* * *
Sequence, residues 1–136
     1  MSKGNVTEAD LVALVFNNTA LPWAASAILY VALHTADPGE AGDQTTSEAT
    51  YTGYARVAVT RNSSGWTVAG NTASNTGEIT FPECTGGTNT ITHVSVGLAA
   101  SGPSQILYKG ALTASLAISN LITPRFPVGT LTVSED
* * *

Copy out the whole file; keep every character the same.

Sequence, residues 1–136
     1  MSKGNVTEAD LVALVFNNTA LPWAASAILY VALHTADPGE AGDQTTSEAT
    51  YTGYARVAVT RNSSGWTVAG NTASNTGEIT FPECTGGTNT ITHVSVGLAA
   101  SGPSQILYKG ALTASLAISN LITPRFPVGT LTVSED